New growth for new jobs

We need money for policies to lead us out of this crisis. We need socially-balanced, just and fair government incomes to generate the necessary funds. This is why the areas of research and education will be less strongly affected by the tough cost-cutting programmes we will have to implement over the next few years. The best educational system for our children and a future-oriented research strategy will certainly cost money. But thinking that we could do without will cost much, much more.
I was in China just a week ago and could see for myself with how much effort Chinese industry shifts their business from the assembly lines to the labs. Under the old neo-liberal approach, the response to this global competition would have been: down with social standards, down with wages and up with weekly working hours. An approach that would only increase poverty and threaten the middle classes.
Austria and Europe therefore have to combine their traditional values with new ones. One of these traditional values is the welfare state our parents fought so hard for. And the Americans are increasingly using it as an example - as we`ve seen in Barrack Obama`s heath care reform. Today, this welfare state has an important role to play in fighting poverty. Poverty, which is no longer automatically caused by unemployment in Europe - where twelve per cent of employees earn so little that they live below the poverty line. That`s 40 million out of 320 million employees. And to fight poverty we require new and qualified jobs. And we will only be able to sustain the welfare state by promoting education, research and development.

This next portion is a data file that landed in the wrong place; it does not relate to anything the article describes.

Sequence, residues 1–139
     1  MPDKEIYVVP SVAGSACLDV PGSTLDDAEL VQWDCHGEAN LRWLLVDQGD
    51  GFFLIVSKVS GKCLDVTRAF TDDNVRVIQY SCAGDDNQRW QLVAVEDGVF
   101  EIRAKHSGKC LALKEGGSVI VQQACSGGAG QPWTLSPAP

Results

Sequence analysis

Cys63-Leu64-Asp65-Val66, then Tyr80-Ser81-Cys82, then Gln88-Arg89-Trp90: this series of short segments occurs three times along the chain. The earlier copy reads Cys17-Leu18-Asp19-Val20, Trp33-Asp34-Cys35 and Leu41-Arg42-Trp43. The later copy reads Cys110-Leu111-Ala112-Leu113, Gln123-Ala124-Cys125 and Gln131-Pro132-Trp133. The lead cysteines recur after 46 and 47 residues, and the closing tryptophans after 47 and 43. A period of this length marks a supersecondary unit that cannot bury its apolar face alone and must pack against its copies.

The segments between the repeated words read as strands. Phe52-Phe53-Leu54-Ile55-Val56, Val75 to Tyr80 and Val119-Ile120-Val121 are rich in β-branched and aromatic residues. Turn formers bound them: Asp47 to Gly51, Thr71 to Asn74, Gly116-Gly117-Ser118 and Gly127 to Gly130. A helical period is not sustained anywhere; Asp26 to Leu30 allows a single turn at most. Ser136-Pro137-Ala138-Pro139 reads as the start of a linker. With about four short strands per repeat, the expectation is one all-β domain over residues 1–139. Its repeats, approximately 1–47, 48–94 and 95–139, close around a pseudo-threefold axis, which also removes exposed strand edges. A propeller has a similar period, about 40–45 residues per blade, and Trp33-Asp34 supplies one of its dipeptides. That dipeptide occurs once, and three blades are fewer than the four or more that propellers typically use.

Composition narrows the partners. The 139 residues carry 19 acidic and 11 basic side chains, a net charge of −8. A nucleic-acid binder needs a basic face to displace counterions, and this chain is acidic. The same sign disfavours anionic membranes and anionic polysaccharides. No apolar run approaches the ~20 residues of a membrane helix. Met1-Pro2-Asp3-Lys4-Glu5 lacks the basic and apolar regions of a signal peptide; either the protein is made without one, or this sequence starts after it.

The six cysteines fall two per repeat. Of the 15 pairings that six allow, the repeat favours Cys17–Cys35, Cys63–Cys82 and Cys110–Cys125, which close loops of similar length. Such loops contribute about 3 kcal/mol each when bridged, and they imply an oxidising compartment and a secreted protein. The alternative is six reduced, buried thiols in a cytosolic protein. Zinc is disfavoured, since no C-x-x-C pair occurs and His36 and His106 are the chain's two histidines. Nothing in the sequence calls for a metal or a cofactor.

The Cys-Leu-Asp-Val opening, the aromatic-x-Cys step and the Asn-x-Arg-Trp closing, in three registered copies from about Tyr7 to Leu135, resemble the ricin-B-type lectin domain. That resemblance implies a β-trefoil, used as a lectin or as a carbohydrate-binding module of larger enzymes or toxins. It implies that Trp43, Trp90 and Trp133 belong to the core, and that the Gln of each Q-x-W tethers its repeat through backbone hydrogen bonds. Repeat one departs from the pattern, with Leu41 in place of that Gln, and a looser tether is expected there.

One of Europe`s priorities is climate protection. We must support technologies in the field of climate protection. Because they will enable us to compete by know-how - and not by wage dumping, generous tax incentives to large business groups or by cut backs in the welfare state.

A new economic and social union

This brings me from the lessons learned from the crisis to the challenges ahead. One of these lessons is that Europe needs to improve coordination and respond faster to any crisis.
It is clear that sound budgets and a stable currency are decisive for a stable European economy. But if all European countries were to cut costs at the same time in all the wrong places this would only lead us into the next recession - and reduce our perspectives for the future. What we need now is joint initiatives to be launched all around Europe. But we also need to better coordinate our social growth strategies: to create new highly qualified jobs and ensure that Europe will become an economic and social union - in the spirit of this new balance between people and markets.

Ladies and gentlemen, I thank you very much for the opportunity to address you today and wish you every success for your conference.

Rückfragen & Kontakt:

Pressesprecher des Bundeskanzlers
Mag. Leo Szemeliker
Tel.: (01) 531 15 - 2090, 0664/282 25 00